“There are child care spots that families need, but because there aren’t enough staff, it’s a big problem,” said Elisabeth Tobia, a consultant with Upjohn and former director of a childcare center in Lansing.
Dana Johnson, executive director of People's Church Preschool in East Lansing, said the center serves about 100 children and there are typically another 100 on the waiting list.
Johnson’s center is fully staffed, but she said she knows many aren’t, adding to the angst of parents searching for care.
“We’ve never had a shortage of people with intelligence and professionalism,” Johnson said. “It’s whether they could afford to do the job.”
Raising wages can help. “I know a lot of centers have increased their wage rates, because they know it’s the number one reason (for staff shortages),” Tobia said. The places that increase wages are able to attract and retain staff.”
But those increased wages mean higher tuition fees for already struggling families.
At Angel Care Preschool and Child Care in Traverse City, childcare workers earn between $18 and $22 an hour. Those wages have helped stabilize the workforce — the center has one opening on a 16-person staff. Executive Director Alicia Swanson told Bridge she interviewed a woman for that opening recently who was currently working in childcare for $12 an hour. “That’s insane,” Swanson said.
The downside of higher wages is that families, many already stretched thin, pay for that increase, Swanson said.
Tuition for five-day care for an infant is $350 a week. Even taking into account holidays and vacations, that’s more than $16,000 a year, close to the cost of tuition and fees at the University of Michigan.
“I honestly don’t know how families do it,” Swanson said.
And yet the demand far exceeds the supply of available child care in Traverse City and around the state. At Swanson’s center there are slots for 22 infants and toddlers (through age 2), and another 150 families on a waiting list.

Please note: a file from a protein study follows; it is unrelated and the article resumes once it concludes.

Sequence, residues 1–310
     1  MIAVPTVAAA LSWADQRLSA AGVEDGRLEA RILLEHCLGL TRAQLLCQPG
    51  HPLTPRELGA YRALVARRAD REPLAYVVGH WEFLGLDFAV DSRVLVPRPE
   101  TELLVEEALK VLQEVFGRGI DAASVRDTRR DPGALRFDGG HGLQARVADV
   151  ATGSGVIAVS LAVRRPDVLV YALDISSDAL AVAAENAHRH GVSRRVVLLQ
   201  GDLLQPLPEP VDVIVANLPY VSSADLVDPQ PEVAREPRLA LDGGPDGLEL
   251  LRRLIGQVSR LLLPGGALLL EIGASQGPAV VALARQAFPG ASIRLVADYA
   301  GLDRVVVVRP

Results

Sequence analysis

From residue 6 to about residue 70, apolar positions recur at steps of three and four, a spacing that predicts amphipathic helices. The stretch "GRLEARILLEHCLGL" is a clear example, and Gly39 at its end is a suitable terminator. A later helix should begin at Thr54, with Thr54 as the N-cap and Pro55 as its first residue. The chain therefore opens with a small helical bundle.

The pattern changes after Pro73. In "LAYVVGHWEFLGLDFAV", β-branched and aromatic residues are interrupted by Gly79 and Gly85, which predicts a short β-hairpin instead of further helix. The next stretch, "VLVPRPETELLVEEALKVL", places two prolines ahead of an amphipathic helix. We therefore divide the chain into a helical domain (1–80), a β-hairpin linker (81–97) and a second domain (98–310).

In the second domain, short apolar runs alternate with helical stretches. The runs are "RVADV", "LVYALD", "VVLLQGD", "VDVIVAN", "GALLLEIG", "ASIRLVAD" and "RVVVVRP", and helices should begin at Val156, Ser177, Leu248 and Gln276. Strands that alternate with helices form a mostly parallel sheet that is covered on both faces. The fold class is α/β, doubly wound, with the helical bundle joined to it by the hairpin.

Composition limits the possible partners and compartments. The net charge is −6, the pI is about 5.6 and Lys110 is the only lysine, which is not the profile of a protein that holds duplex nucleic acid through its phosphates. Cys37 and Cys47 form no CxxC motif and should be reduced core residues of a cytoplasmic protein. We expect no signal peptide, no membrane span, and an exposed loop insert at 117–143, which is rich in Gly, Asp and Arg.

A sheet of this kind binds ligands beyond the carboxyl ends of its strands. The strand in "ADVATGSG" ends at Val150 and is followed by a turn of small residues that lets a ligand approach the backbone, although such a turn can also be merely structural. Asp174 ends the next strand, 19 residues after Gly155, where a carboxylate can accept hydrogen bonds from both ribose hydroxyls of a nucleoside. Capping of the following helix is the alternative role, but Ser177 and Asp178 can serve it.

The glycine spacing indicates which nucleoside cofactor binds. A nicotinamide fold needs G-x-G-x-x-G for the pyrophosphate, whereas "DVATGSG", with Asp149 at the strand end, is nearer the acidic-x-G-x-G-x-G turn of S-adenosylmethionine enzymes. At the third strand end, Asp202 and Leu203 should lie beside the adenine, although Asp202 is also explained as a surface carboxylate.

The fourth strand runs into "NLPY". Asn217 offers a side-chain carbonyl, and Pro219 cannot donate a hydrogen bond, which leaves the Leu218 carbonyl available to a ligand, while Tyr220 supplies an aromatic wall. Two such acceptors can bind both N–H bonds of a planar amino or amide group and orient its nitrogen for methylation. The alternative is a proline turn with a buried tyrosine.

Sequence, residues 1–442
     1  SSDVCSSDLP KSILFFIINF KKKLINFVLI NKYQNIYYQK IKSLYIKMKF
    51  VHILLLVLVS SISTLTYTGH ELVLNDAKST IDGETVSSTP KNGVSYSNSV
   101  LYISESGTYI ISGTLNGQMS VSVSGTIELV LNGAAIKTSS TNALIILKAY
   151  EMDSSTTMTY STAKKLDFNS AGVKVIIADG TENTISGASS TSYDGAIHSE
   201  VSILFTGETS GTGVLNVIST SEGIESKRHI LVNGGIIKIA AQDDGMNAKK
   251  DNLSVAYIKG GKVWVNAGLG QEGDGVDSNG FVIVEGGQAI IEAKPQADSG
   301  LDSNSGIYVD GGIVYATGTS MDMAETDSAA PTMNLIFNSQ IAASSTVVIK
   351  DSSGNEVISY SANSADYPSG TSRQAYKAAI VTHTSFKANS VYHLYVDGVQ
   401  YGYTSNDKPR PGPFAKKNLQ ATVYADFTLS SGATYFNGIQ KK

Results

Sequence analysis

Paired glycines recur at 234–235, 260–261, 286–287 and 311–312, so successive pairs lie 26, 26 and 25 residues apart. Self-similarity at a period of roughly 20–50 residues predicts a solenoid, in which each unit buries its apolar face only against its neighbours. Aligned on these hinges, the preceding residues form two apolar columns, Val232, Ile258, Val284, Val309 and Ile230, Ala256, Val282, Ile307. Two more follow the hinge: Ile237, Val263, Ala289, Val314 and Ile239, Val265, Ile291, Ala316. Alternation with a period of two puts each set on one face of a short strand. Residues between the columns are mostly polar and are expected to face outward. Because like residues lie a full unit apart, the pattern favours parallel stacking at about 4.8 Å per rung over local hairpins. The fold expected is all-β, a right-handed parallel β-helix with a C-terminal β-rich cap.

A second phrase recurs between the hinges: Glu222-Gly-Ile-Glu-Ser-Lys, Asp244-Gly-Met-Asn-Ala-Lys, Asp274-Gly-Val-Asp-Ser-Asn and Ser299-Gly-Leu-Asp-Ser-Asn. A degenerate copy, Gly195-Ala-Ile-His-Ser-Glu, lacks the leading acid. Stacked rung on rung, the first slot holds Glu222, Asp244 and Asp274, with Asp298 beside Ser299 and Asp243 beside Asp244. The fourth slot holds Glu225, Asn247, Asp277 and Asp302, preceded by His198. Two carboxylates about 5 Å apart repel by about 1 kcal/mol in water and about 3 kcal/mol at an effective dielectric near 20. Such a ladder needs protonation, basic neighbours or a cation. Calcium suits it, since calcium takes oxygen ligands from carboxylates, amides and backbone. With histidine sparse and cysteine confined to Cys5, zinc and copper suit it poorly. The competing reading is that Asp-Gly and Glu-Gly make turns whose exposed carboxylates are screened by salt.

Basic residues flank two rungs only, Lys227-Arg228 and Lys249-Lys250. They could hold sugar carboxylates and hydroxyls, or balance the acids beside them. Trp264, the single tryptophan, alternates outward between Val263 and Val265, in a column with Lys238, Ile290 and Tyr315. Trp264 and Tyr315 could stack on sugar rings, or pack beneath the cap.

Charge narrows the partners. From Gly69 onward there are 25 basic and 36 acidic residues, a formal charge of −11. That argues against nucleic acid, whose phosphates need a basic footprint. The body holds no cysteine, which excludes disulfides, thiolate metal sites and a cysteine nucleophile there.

“We have families call and say, ‘we’re just starting to try to conceive, can we get on your wait list,’” Swanson said.
No easy fix
There aren’t any quick or easy solutions to Michigan’s childcare worker shortage.
The shortage is nationwide, the childcare association’s Rodriguez said. Michigan received $1.4 billion in federal pandemic funding to help prop up the industry, which was used to support providers and subsidize family childcare costs, but that funding has ended.
Gov. Gretchen Whitmer launched a $23 million program to incentivize the opening of new childcare centers in 2022, along with grants to pay for education costs for people hoping to earn child development certificates and degrees.
Rodriguez said some businesses and local governments are getting into the childcare business to try to ease the shortages. He said officials from a county he declined to name called him recently to inquire about the logistics of licensing a childcare facility for county employees, many of whom were struggling to find care. Some companies, including Western Land Services in Ludington, have established child care centers.
“They’re having to take ownership themselves to create these centers,” Rodriguez said. “We might see a shifting model in the industry.”
Neither shifting models nor free classes solve the problem faced by right now by Detroit childcare provider Glover. She has an opening for what she considers a very important job – a job that pays $12 or $13 an hour.
“There’s a McDonald’s, Burger King and Family Dollar within walking distance of where we are, who are paying $3 more per hour,” Glover said. “Since COVID, I’ve had more children who are nonverbal, who have sensory issues. I need someone with patience.
“When I can make fries or stock shelves for more (money) and not have to think about it, changing dirty diapers is a big ask.”
Michigan workers vacancies
In this occasional series, we examine the scope of critical worker shortages in 2023, from doctors and police officers to math teachers and social workers. To view more stories in this series click here.